Yakima's SkyRise Rooftop Tent
With their new SkyRise rooftop tent, Yakima is branching out from bike racks in a way that will probably appeal to mountain bikers who are looking for a way to camp that doesn't involve setting up a tent on the ground or sleeping inside their vehicle. The company says that they focused on low weight - the small size comes in at a claimed 95lbs, the large at 105lbs - and ease of use. So while it does look a lot like a normal tent that you'd see on the ground rather than a hard-top RTT or Tepui RTT, Yakima is claiming that it takes mere minutes to setup and take down.
The whole thing folds open like a book, with the tent popping up and ready for campers to jump in as is. The rain cover is attached via spring steel rainfly poles (the cover can be left on when stored, but the poles have to come off) and the 2.5'' thick memory foam mattress with waterproof bottom can be left inside with your blankets or sleeping bags when the SkyRise is stored.
The SkyRise is back-compatible with all of Yakima's crossbars, and the base attaches by way of a nifty quick-release system - no tools required here. The limiting factor will be if the car's stock roof bars, the ones that Yakima's crossbars attach to, are rated for the tent and user's weight.
The $1,349 USD medium-sized SkyRise RTT measures 56'' x 96'' x 48'' high when folded out, and 56'' x 48'' x 12'' when stored away with its cover over it. The $999 USD small-size version is 48'' x 84'' x 42'' high when in use, and 48'' x 42'' x 12'' when folded up. Both models include a nifty quick-release ladder that folds up on itself and when not needed.
HydraPak's Hydrant Tube
While not strictly a mountain biking product, HydraPak's new Hydrant Tube system might be appreciated by riders needed to add some pressure to their sipping, or simply because they think it's a great idea to shoot their friends with water. That is a great idea, by the way. The Hydrant Tube can be plugged into any of HydraPak's reservoirs, and a squeeze bulb just up from the bite valve can be squeezed (of course) to force fluids out under pressure.
The valve is also pressure activated, so it opens automatically when you squeeze the bulb - hello, squirt gun. Or, if you're more mature than me, you can use it to spray off after a ride or to drink from it like it was a normal system.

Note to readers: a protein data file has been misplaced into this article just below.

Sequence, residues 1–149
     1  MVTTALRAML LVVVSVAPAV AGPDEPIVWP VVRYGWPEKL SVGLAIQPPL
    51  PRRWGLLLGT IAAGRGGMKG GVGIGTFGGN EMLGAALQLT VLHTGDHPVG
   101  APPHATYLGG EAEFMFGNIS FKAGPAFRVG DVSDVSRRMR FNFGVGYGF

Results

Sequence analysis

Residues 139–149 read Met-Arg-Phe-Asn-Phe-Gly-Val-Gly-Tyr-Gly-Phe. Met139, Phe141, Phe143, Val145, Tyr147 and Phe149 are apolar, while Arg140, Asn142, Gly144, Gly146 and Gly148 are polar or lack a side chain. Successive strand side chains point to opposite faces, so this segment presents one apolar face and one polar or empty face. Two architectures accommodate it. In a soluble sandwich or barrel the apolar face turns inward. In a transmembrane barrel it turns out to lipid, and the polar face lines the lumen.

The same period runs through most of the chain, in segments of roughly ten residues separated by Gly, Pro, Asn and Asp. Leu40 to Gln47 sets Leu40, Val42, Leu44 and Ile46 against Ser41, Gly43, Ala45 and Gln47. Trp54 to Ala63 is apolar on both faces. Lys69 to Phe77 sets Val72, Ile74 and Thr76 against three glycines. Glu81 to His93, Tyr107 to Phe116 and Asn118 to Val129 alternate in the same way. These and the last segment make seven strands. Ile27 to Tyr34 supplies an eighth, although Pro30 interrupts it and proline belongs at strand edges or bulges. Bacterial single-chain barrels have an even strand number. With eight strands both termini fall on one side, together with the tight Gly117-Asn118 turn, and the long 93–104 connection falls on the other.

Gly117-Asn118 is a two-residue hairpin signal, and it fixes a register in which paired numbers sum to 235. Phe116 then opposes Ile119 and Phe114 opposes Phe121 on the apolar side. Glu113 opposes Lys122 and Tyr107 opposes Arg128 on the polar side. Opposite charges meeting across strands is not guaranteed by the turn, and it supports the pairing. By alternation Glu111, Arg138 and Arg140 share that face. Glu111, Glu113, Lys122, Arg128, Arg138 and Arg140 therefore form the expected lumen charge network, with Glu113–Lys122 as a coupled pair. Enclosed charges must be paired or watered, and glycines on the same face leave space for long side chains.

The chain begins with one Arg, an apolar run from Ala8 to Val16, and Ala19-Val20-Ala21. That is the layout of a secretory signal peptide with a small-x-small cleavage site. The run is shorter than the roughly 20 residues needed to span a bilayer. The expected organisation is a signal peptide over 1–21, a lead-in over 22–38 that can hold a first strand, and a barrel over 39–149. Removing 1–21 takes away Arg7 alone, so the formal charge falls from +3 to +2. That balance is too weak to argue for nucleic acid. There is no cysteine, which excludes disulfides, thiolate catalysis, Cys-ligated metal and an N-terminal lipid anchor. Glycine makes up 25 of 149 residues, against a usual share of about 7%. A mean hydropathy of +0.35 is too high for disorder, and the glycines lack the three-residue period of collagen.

Küat's New NV 2.0 Rack
The NV 2.0 looks a lot like Küat's original NV rack, but the $629.00 USD 2.0 gets a host of changes that should make it even easier to use. The most notable of these is a re-designed pivot system that sees the old side-mounted lever replaced with one that riders can reach easier from above. The lever is also dual-action, so you can either pull it with your hand or use your foot to push down on the opposite end to accomplish the same thing.
Handlebar to saddle contact has to be one of the most annoying things when it comes to loading and unloading bikes, and a lot of racks out there incorporate sliding trays that allow the bikes to be shifted laterally until everything clears. Küat has taken a different approach, however, by allowing the front wheel cradles to be loosened with a hex key (that's stored on the rack itself) and either raised or lowered via a keyed connection to the rest of the rack. Both trays are also home to new, longer cable locks than found on the original NV, and the rack comes from Küat with a hitch lock to secure the tool-free hitch cam system.
The Trail Doc built-in work stand has also been carried over from the original NV, but it features a re-designed, spring-loaded head that's easier to adjust by way of hand dials for both the clamp itself and the head's angle on the main post.